Compared with adults who underwent off-pump coronary-artery bypass grafting surgery, those who underwent on-pump CABG had significantly lower rates of mortality and major adverse cardiovascular events at 5 years, results from a large randomized trial demonstrated.

“Given the results, it appears that innovative surgical approaches – such as the more technically demanding off-pump procedure – may not always provide superior clinical outcomes,” researchers led by A. Laurie Shroyer, PhD, wrote (N Engl J Med. 2017 Aug 17;377:623-32). “Additional long-term follow-up, evaluating these same outcomes rigorously at 10 years after CABG, appears to be warranted. Future research may identify the risk factors of the patients and the cardiac surgical processes of care that affect longer-term outcomes of coronary revascularization procedures, with the goal of increasing the rate of long-term event-free survival.”

Dr. Shroyer , of the Northport (N.Y.) VA Medical Center, and her associates conduced a 5-year follow-up study of patients who had participated in the original Randomized On/Off Bypass (ROOBY) trial, which compared the effectiveness of the two surgical approaches ( N Engl J Med 2009 Nov 5;361:1827-37 ). During February 2002–June 2007, 2,203 patients at 18 medical centers were randomly assigned to either on-pump or off-pump CABG, with 1-year assessments completed by May 2008. The primary outcomes were the rates mortality and major adverse cardiovascular events at 5 years, while the secondary 5-year outcomes included death from cardiac causes, repeat revascularization, and nonfatal myocardial infarction.

The mean age of patients was 63 years, nearly all were male, 46% were between the ages of 55 and 64, and about 21% had chronic obstructive pulmonary disease. The researchers found that at 5 years, the rate of death was 15.2% in the off-pump group, compared with 11.9% in the on-pump group, which translated into a relative risk of 1.28 (P = .02). In addition, the rate of major cardiovascular events at 5 years was 31% in the off-pump group, compared with 27.1% in the on-pump group, which translated into a relative risk of 1.14 (P = .046). None of the secondary outcomes at 5 years met the prespecified threshold of a P value of .01 or less for statistical significance, when the off-pump and on-pump groups were compared. This included the rates of nonfatal myocardial infarction (12.1% vs. 9.6%, respectively; P = .05); death from cardiac causes (6.3% vs. 5.3%; P = .29); repeat vascularization (13.1% vs. 11.9%; P = .39), and repeat CABG (1.4% vs. 0.5%; P = .02).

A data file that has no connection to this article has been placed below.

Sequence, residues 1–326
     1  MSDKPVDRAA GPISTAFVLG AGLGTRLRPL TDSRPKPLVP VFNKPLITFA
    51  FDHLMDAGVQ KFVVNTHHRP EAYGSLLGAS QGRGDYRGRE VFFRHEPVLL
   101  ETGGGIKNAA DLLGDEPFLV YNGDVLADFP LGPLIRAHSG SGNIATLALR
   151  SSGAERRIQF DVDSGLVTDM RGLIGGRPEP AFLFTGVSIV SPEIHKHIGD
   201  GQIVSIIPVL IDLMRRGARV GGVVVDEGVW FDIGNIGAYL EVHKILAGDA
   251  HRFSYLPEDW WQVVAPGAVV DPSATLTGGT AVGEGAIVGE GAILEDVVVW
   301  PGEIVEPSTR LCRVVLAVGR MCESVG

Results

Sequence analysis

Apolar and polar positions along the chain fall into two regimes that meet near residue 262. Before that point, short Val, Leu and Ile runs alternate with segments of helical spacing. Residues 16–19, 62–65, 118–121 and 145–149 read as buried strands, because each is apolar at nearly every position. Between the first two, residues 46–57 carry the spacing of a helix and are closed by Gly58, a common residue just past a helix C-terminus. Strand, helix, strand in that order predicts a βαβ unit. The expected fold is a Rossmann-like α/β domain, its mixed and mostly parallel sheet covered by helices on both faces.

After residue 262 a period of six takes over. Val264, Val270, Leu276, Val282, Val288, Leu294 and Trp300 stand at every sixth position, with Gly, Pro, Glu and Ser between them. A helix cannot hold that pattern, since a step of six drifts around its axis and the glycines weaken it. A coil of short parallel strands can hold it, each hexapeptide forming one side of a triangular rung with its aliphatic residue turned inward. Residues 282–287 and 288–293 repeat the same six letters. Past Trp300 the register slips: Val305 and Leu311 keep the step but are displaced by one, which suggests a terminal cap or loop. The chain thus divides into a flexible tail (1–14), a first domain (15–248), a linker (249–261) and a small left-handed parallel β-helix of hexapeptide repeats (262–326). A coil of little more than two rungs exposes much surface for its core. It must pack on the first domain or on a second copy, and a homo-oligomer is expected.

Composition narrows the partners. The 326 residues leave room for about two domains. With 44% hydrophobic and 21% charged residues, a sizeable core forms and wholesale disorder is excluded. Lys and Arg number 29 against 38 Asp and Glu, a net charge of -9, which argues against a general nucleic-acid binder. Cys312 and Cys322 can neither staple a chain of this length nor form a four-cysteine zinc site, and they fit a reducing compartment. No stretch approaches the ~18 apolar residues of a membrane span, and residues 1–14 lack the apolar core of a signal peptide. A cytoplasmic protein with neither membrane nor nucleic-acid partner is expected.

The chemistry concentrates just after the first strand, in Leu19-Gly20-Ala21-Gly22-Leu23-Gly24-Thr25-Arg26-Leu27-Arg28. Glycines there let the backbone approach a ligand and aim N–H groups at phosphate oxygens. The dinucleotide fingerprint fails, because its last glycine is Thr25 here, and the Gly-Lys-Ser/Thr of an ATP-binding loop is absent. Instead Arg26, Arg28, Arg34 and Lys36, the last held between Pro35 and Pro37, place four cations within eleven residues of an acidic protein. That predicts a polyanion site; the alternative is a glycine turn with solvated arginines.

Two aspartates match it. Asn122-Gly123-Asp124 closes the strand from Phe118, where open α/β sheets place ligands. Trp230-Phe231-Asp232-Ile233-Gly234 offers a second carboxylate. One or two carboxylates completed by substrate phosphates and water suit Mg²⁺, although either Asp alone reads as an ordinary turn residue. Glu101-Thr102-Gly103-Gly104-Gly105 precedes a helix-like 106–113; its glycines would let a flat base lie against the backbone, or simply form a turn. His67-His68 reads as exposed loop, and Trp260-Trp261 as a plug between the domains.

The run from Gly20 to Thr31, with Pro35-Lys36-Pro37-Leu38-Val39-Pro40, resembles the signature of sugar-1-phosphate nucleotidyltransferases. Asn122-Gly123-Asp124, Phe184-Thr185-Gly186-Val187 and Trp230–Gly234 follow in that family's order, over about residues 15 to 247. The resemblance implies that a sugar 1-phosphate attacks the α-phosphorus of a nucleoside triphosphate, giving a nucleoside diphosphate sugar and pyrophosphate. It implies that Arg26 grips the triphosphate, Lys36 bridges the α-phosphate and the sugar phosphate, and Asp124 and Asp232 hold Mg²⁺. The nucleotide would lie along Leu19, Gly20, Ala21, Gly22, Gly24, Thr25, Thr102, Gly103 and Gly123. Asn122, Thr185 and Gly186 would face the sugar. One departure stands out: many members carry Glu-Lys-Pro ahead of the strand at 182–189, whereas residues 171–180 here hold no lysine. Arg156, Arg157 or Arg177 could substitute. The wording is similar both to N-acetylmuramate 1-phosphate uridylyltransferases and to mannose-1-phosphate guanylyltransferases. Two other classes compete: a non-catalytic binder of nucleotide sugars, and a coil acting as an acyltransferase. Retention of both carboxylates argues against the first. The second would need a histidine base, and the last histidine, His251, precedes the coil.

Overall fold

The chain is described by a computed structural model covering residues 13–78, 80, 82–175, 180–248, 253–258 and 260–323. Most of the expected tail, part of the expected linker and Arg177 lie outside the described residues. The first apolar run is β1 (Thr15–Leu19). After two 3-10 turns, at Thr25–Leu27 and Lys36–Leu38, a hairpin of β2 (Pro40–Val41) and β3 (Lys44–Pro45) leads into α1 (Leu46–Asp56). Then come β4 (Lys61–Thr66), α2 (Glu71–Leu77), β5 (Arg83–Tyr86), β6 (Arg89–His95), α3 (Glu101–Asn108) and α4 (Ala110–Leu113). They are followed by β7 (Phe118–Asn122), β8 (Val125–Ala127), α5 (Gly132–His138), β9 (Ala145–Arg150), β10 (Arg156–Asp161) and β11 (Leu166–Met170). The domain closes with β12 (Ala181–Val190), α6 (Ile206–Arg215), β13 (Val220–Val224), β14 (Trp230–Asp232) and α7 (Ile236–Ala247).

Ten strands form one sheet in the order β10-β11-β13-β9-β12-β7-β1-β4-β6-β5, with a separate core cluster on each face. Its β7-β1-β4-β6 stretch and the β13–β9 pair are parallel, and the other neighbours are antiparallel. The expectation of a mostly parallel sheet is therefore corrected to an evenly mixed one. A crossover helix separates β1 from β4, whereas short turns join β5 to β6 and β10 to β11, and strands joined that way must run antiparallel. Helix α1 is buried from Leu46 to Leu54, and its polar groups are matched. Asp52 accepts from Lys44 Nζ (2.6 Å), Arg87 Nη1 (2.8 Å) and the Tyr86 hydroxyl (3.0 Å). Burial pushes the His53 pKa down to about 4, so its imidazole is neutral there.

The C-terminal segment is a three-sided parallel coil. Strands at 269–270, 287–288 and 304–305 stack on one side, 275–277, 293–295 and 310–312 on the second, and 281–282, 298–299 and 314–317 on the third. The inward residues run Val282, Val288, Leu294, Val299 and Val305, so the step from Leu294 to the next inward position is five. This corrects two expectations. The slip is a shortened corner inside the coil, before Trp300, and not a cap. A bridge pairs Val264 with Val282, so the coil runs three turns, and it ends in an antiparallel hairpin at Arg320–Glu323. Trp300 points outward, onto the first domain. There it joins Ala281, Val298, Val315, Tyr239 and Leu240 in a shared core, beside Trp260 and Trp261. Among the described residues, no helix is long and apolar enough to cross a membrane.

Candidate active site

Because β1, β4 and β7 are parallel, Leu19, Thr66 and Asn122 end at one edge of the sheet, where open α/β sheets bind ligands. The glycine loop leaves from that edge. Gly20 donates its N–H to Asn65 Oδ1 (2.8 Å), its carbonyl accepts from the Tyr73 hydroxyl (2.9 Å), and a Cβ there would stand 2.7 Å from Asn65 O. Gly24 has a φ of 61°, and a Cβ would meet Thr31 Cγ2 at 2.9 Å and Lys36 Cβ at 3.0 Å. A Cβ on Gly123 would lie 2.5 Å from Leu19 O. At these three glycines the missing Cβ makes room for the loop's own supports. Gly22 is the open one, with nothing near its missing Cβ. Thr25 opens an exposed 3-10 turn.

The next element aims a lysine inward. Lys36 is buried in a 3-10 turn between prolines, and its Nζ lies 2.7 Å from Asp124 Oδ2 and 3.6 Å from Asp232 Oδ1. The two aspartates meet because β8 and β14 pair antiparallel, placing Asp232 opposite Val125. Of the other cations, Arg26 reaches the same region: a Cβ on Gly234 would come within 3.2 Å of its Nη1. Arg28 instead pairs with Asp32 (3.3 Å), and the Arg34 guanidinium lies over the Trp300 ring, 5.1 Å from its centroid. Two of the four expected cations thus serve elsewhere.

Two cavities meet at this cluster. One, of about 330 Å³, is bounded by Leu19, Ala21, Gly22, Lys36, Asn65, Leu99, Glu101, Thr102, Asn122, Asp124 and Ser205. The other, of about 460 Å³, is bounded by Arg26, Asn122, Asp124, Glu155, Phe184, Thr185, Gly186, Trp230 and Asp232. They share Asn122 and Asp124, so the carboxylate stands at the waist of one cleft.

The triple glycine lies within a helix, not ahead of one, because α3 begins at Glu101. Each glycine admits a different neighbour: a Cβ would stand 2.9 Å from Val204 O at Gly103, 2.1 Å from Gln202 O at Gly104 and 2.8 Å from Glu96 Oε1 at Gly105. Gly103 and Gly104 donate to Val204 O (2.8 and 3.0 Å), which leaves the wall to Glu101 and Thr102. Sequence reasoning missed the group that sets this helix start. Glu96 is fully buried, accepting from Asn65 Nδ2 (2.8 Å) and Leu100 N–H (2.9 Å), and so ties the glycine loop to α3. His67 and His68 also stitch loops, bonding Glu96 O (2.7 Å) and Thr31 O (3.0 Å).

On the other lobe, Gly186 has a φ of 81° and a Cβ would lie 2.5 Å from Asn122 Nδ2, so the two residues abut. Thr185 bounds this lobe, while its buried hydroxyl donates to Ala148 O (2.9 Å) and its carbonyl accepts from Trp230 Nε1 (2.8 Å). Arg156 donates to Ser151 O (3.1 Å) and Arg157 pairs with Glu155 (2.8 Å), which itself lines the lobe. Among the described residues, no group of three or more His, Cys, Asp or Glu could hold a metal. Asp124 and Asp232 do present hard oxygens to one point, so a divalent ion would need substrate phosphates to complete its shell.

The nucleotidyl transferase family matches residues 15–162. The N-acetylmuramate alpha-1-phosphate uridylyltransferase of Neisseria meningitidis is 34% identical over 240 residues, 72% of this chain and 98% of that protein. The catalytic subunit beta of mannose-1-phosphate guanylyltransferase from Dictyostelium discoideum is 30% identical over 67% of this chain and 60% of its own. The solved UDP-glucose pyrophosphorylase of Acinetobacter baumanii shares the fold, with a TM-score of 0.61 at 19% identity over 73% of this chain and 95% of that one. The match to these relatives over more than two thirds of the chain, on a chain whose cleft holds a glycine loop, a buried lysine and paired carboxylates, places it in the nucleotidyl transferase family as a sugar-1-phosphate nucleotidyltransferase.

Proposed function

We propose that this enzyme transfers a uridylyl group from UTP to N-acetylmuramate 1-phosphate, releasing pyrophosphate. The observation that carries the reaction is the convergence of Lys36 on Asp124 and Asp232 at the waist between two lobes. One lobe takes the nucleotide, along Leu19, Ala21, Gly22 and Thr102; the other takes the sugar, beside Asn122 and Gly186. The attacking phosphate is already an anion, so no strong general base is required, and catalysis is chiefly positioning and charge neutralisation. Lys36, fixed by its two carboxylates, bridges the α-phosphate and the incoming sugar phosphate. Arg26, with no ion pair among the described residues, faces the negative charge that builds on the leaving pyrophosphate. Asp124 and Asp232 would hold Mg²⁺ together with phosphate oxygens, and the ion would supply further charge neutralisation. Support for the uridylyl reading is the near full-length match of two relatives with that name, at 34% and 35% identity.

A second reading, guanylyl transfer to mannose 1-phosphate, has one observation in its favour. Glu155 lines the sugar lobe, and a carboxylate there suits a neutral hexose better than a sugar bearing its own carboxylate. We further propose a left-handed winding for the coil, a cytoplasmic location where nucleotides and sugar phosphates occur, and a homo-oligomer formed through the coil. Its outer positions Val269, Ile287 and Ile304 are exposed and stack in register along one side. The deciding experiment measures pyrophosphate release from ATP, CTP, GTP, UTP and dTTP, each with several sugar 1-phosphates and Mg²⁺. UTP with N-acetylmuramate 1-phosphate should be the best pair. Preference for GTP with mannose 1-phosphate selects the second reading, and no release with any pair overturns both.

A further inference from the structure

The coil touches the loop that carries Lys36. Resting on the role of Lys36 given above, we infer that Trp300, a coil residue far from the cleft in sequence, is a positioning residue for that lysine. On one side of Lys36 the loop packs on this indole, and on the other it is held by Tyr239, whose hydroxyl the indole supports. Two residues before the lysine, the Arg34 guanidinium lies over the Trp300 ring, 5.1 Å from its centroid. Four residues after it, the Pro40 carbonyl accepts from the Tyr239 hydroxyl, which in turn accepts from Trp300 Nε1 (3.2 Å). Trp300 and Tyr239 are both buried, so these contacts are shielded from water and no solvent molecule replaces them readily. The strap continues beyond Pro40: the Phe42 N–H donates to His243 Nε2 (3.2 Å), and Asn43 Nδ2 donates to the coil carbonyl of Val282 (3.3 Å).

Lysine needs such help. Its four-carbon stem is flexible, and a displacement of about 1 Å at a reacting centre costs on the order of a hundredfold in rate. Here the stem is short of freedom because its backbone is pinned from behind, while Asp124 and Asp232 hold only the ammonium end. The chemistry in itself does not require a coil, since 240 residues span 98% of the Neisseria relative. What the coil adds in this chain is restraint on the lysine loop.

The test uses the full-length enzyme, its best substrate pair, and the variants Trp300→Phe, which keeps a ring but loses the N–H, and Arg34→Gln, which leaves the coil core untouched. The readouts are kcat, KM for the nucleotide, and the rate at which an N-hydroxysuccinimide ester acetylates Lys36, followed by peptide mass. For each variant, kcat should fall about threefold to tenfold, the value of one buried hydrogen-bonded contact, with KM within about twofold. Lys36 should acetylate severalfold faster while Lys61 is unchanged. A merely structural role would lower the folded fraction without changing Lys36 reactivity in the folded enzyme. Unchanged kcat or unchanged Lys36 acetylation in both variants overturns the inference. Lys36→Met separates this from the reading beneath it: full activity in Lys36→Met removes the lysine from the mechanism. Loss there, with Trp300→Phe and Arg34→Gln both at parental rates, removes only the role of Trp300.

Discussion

“In combination with findings from other randomized trials and a 2012 Cochrane systematic review [ Cochrane Database Syst Rev. 2012;14:CD007224 ], the 5-year outcomes in our study support the conclusion that off-pump CABG does not offer any substantial advantages over on-pump CABG except possibly in unusual situations such as, for example, in patients with an extensively calcified (porcelain) aorta, in whom the off-pump technique may result in less manipulation of the aorta, potentially decreasing the risk of aortic emboli or stroke,” the researchers wrote. “In light of the low rates of use of off-pump CABG in the United States, the findings in our trial may provide more of a real-world experience than those in the CORONARY and GOPCABE trials, which required surgeons with a very high volume of experience with off-pump procedures, as compared with the ROOBY trial and with most other surgeons who are based in the United States.”

They acknowledged certain limitations of the study, including the fact that the study population comprised mostly males who had multiple coexisting conditions, “so the findings may not be applicable to female patients or to patients who are not veterans.”

The study was supported by a grant from the Department of Veterans Affairs. Dr. Shroyer reported having received grants from the VA Cooperative Studies Program during the conduct of the study. Her coauthors reported having no financial disclosures.